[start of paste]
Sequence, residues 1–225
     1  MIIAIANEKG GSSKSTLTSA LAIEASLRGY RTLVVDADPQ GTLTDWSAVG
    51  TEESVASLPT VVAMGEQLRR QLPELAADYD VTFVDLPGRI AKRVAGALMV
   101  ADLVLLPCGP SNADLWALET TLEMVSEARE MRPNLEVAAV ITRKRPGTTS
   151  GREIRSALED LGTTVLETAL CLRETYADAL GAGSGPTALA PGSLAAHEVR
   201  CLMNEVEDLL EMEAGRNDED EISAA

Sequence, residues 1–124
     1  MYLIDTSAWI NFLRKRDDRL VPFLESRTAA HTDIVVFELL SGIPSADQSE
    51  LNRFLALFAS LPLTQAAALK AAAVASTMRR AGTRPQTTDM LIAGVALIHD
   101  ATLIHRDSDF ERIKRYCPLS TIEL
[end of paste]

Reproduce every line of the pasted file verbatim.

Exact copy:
Sequence, residues 1–225
     1  MIIAIANEKG GSSKSTLTSA LAIEASLRGY RTLVVDADPQ GTLTDWSAVG
    51  TEESVASLPT VVAMGEQLRR QLPELAADYD VTFVDLPGRI AKRVAGALMV
   101  ADLVLLPCGP SNADLWALET TLEMVSEARE MRPNLEVAAV ITRKRPGTTS
   151  GREIRSALED LGTTVLETAL CLRETYADAL GAGSGPTALA PGSLAAHEVR
   201  CLMNEVEDLL EMEAGRNDED EISAA

Sequence, residues 1–124
     1  MYLIDTSAWI NFLRKRDDRL VPFLESRTAA HTDIVVFELL SGIPSADQSE
    51  LNRFLALFAS LPLTQAAALK AAAVASTMRR AGTRPQTTDM LIAGVALIHD
   101  ATLIHRDSDF ERIKRYCPLS TIEL